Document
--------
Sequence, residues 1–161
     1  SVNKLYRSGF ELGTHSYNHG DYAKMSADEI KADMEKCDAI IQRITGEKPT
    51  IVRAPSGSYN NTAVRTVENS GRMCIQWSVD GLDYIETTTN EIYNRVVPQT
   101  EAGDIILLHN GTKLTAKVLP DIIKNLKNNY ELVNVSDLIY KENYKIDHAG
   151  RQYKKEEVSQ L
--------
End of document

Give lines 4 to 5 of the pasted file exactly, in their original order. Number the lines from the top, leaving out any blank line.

   101  EAGDIILLHN GTKLTAKVLP DIIKNLKNNY ELVNVSDLIY KENYKIDHAG
   151  RQYKKEEVSQ L